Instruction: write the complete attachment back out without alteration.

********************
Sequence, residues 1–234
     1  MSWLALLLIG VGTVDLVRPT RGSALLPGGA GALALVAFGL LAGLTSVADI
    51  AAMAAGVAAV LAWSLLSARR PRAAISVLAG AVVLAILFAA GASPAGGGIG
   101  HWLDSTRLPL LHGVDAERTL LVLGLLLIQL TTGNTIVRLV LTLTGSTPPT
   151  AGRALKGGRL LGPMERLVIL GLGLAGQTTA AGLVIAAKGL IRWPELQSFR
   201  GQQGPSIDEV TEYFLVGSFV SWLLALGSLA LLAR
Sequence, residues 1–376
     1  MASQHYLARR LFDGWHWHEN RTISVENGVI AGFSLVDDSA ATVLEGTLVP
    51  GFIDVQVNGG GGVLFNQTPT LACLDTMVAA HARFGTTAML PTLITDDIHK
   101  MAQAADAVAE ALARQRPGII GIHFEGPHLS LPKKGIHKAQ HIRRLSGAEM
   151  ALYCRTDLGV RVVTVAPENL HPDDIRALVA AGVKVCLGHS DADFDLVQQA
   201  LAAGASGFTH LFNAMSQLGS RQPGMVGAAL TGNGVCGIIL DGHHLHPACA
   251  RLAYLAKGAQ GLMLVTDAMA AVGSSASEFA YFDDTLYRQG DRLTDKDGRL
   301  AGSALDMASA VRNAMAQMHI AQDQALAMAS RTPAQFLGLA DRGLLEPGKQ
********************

Sequence, residues 1–234
     1  MSWLALLLIG VGTVDLVRPT RGSALLPGGA GALALVAFGL LAGLTSVADI
    51  AAMAAGVAAV LAWSLLSARR PRAAISVLAG AVVLAILFAA GASPAGGGIG
   101  HWLDSTRLPL LHGVDAERTL LVLGLLLIQL TTGNTIVRLV LTLTGSTPPT
   151  AGRALKGGRL LGPMERLVIL GLGLAGQTTA AGLVIAAKGL IRWPELQSFR
   201  GQQGPSIDEV TEYFLVGSFV SWLLALGSLA LLAR
Sequence, residues 1–376
     1  MASQHYLARR LFDGWHWHEN RTISVENGVI AGFSLVDDSA ATVLEGTLVP
    51  GFIDVQVNGG GGVLFNQTPT LACLDTMVAA HARFGTTAML PTLITDDIHK
   101  MAQAADAVAE ALARQRPGII GIHFEGPHLS LPKKGIHKAQ HIRRLSGAEM
   151  ALYCRTDLGV RVVTVAPENL HPDDIRALVA AGVKVCLGHS DADFDLVQQA
   201  LAAGASGFTH LFNAMSQLGS RQPGMVGAAL TGNGVCGIIL DGHHLHPACA
   251  RLAYLAKGAQ GLMLVTDAMA AVGSSASEFA YFDDTLYRQG DRLTDKDGRL
   301  AGSALDMASA VRNAMAQMHI AQDQALAMAS RTPAQFLGLA DRGLLEPGKQ